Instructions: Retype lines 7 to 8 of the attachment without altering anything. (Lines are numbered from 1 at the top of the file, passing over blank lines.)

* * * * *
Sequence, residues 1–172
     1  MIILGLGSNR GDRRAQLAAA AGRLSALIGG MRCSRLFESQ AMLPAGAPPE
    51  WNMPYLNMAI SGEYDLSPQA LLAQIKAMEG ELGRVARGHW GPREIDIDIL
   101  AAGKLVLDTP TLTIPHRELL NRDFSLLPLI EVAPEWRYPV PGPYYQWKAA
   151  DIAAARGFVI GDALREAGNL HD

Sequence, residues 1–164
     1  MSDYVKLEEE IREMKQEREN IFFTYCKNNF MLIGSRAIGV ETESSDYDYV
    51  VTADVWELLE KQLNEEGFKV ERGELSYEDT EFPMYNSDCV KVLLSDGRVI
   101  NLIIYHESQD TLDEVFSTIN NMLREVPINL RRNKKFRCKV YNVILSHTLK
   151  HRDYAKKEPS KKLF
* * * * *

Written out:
     1  MSDYVKLEEE IREMKQEREN IFFTYCKNNF MLIGSRAIGV ETESSDYDYV
    51  VTADVWELLE KQLNEEGFKV ERGELSYEDT EFPMYNSDCV KVLLSDGRVI